This, I Believe

December 9, 2009
By Rick Zipp BRONZE, Chandler, Arizona
Rick Zipp BRONZE, Chandler, Arizona
1 article 0 photos 0 comments

I believe that everyone deserves a second chance. Second chances open the doors that were slammed shut by a person’s abrupt actions. Re-opening this door allows the remorse to flow on its own like the free-writes in my English class. Giving him or her a second chance lets them learn from their mistakes. For instance, my father, who’s been a struggling alcoholic his entire life, left my family and I five years ago. Before he left, most of his nights consisted of coming home late because he had a “meeting”, at the bar that is. My parents split about a year before he left because it was just too much to bear after 14 years for my mom. Distraught and searching for answers, we were all experiencing mixed emotions of anger, fear, and confusion. It took us about six months before we came to the realization that he was really gone, and we were angry. The anger was our frustration in a different form: we were afraid that he was gone for good. He was a great man; he just had a disease. My mom, my sister, and I had no idea if we’d ever see him again.

As 2009 arrived, our hope had nearly faded, realizing that we had to move on, not being able to bear the constant pain. Fortunately for us, he showed up about four months ago, in February. Nearly five years later, our long lost father had returned. He was so afraid, when he returned, that we would reject him. In reality, we gave him a second chance. Why? Because the only way to enjoy our time with him was to just move on. Living in the past doesn‘t accomplish anything. My father was astonished how quickly we forgave him; but we were just glad he was back. Giving my father a second chance showed him where he had faulted, and how he could fix our relationship. He is now constantly keeping in contact with my sister and I. Without his second chance, my father would still be alone, in the hole he dug for himself. Instead, my sister and I tossed down the rope of forgiveness to open up a brighter future for all of us. Granted he still is a struggling alcoholic, but he’s aware of it, and works everyday to get better.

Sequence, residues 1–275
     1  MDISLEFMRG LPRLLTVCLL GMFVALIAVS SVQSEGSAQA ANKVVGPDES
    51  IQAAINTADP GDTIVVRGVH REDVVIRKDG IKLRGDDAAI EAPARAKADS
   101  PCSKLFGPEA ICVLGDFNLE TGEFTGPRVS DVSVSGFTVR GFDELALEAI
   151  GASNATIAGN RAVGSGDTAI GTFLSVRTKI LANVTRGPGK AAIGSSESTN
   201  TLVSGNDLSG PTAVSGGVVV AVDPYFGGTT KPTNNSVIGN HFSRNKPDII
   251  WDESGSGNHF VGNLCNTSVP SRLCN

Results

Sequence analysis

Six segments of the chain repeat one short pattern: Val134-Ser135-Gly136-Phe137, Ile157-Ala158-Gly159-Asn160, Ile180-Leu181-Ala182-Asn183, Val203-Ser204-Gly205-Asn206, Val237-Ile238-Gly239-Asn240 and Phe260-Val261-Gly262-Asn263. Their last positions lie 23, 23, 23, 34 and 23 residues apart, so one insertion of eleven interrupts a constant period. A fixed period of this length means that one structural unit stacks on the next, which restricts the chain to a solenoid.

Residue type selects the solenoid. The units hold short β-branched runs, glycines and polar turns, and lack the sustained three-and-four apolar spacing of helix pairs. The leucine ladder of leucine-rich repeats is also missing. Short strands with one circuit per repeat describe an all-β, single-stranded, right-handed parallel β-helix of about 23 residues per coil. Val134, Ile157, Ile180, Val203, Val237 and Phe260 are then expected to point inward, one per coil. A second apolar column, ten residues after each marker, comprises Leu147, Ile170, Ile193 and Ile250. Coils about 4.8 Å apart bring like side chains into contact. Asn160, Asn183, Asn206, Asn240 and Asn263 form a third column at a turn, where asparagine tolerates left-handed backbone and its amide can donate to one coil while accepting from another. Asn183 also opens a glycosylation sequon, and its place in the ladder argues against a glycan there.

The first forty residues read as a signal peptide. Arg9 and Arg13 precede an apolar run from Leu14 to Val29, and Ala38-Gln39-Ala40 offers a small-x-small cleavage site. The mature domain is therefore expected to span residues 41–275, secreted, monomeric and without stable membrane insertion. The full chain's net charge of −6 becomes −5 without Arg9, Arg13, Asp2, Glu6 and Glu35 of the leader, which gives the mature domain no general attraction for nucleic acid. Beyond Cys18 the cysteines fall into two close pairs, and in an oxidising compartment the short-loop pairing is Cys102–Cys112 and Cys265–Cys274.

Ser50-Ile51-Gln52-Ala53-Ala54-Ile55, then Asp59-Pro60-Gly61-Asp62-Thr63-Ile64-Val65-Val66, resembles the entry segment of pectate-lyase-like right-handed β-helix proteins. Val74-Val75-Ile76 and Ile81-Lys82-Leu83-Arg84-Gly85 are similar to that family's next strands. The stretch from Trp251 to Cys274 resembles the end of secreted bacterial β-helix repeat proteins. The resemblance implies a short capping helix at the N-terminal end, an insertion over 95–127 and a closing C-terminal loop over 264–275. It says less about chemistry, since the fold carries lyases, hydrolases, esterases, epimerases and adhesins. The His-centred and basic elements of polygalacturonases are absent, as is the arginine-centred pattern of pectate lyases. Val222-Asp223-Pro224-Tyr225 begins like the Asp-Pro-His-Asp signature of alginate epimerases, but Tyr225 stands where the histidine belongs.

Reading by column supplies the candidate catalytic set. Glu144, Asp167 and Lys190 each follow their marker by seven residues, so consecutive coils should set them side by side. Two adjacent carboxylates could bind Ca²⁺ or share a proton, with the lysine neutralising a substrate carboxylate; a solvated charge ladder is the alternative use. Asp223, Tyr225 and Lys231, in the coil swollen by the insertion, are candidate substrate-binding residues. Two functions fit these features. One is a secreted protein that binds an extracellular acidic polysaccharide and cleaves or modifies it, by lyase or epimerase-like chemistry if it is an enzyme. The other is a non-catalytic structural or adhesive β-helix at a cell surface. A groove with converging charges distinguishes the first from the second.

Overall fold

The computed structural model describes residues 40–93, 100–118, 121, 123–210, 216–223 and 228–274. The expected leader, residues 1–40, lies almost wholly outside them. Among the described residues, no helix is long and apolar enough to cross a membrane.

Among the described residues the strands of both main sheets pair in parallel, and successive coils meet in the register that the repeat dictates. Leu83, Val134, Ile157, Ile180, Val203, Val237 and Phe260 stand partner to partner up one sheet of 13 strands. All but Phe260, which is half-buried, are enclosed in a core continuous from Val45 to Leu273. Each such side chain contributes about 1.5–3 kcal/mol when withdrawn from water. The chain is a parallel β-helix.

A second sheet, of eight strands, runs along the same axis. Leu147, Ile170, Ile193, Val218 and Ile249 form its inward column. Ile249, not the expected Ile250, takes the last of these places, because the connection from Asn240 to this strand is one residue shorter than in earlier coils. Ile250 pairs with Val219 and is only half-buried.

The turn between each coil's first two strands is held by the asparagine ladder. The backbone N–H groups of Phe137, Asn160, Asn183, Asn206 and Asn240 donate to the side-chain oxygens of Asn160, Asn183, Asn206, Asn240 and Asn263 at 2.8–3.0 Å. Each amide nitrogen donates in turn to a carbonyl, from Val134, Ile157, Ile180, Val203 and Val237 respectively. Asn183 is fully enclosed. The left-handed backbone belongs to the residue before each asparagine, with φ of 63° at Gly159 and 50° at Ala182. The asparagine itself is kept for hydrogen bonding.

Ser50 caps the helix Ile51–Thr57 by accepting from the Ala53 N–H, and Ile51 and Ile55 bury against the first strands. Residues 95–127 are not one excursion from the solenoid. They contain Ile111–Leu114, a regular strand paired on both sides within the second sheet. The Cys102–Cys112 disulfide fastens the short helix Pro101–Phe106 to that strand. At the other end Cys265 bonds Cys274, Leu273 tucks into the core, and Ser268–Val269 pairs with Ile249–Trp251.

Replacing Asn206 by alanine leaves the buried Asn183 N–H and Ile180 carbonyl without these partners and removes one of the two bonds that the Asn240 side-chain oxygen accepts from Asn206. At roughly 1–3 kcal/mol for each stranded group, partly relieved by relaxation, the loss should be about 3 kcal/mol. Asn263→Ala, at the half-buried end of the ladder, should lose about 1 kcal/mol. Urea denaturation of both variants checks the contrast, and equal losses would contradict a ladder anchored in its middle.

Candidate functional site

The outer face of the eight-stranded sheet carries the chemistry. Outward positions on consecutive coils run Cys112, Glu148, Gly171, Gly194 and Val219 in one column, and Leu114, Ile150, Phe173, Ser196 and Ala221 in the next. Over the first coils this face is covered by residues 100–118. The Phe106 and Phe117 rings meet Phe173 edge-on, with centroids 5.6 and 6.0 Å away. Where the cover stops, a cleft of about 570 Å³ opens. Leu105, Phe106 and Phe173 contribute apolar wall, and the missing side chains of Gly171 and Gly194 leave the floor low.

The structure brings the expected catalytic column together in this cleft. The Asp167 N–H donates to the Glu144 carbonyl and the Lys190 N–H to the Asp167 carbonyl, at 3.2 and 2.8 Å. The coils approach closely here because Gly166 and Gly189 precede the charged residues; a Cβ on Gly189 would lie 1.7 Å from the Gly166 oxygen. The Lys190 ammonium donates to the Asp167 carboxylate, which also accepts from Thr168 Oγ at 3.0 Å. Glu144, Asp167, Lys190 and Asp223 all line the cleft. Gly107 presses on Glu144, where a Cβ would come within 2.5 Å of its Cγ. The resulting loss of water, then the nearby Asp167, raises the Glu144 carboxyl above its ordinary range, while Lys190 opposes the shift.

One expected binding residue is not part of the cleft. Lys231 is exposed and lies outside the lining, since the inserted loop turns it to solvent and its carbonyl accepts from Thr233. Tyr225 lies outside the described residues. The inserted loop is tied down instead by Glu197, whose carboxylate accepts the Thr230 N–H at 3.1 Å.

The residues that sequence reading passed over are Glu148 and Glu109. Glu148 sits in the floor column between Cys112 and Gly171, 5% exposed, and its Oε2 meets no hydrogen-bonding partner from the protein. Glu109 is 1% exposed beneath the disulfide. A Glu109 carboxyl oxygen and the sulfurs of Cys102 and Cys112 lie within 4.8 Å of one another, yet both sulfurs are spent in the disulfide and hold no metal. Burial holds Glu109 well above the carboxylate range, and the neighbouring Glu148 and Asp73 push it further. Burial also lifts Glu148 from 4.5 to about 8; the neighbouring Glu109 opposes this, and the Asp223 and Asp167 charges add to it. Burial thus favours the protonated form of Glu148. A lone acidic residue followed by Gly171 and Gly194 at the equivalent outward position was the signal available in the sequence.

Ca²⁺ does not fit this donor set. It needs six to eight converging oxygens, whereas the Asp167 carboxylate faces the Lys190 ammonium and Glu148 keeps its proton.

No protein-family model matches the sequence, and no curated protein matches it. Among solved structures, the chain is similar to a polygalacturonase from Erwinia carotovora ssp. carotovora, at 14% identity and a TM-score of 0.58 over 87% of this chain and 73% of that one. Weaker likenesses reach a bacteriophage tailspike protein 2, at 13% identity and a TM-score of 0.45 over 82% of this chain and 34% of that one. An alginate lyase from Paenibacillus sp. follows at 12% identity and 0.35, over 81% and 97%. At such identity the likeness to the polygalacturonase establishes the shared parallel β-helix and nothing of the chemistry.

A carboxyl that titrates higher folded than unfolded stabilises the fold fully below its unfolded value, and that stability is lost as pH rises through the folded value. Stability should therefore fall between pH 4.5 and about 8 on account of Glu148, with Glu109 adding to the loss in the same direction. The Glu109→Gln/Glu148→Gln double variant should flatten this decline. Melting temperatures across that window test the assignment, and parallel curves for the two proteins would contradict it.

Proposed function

Granting my struggling father a second chance was successful in my situation, but works for any other situation as well. No matter how terrible the offense, a second chance can’t fix what happened, but it can make life much more enjoyable. The door opened by a second chance creates an infinite number of possibilities through forgiveness and redemption. This is why I believe in second chances.

The author's comments:
i wrote it concerning giving my dad a second chance for his mistakes caused by his alcholohism.

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